Forced Sterilizations in Peru — Paid for by US Taxpayers
By Ryan McMaken Mises.org
October 26, 2018
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In countries under heavy US influence or occupation, the US government has a habit of pushing political programs that would be too unpopular to implement in the United States.
In Japan, for example, the US occupation after World War II offered an opportunity for American bureaucrats to push abortion policies they couldn’t win support for in the United States.
As part of a larger agenda of pushing a Japan-style New Deal and other US-styled interventionist policies, the US occupiers were more than happy to help the new Japanese regime impose a eugenics-friendly program designed to combat alleged overpopulation. According to Holly Coutts:
The centralized government in Japan, coupled with a political culture infused with socialist ideas and traditional loyalty to a strict hierarchy, allowed policymakers to create a far-reaching program. This same type of program was impossible in the US and South Korea [another country under heavy US influence] as it would not have corresponded to their public ideas… Japan would become the first country to legalize abortion for socioeconomic reasons.
But, at least in these cases, women, for the most part, took part in these programs voluntarily — the aborted children, of course, were not consulted.
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International planners, of course, have long been notable for a belief that much of the world is overpopulated and that this problem must be “solved” with government action. USAID workers may have sensed an opportunity to partner with the Peruvian regime — which itself viewed the impoverished Indians in the Andean highlands as “problematic” — in efforts to implement a eugenics program in Peru. It’s not a coincidence that efforts at combating overpopulation usually end up targeting ethnic and socio-economic groups most lacking in both economic and legal resources.
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This fact was emphasized by Ludwig von Mises who noted that population-control programs are, ultimately, attempts by government planners to determine who gets born and when. This motivation, Mises noted, is not qualitatively different from what drove some of the world’s most horrific regimes in their own attempts at eugenic planning:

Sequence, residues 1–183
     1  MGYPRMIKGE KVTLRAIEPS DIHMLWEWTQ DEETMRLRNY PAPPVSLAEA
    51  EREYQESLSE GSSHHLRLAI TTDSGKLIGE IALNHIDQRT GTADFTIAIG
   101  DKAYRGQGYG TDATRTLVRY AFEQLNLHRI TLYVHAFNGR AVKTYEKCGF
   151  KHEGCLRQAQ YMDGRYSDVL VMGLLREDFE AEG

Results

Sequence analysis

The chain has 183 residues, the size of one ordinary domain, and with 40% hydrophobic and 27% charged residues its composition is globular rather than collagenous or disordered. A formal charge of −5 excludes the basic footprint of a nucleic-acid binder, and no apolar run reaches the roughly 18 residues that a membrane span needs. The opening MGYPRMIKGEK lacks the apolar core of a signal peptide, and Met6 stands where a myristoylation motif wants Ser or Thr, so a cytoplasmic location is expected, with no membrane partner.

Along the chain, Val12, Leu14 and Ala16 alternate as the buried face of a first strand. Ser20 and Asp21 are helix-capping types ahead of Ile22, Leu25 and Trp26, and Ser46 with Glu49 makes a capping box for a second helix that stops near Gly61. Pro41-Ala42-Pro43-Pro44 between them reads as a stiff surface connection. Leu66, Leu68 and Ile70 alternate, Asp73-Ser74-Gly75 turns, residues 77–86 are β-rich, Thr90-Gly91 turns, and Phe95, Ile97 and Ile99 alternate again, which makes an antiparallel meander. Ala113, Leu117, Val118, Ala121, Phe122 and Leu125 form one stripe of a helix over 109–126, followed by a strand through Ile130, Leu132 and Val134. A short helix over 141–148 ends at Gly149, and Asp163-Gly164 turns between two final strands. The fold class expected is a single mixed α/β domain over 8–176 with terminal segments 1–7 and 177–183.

It is vain for the champions of eugenics to protest that they did not mean what the Nazis executed. Eugenics aims at placing some men, backed by the police power, in complete control of human reproduction. It suggests that the methods applied to domestic animals be applied to men. This is precisely what the Nazis tried to do. The only objection which a consistent eugenist can raise is that his own plan differs from that of the Nazi scholars and that he wants to rear another type of men than the Nazis. As every supporter of economic planning aims at the execution of his own plan only, so every advocate of eugenic planning aims at the execution of his own plan and wants himself to act as the breeder of human stock.
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So take note that Japan, and most of the Western world, have an “aging” problem.
If they call Megyn Kelly a racist for some words, what do they call those who deliberately killed all those black babies?
It’s got to rank up there with the Holocaust, Stalin’s gulags, Mao’s reeducation camps, etc. etc.
To really commit genocide you really need a Gooferment with its air of legitimacy.
To quote a famous anti-war folk song: “When will we ever learn?”
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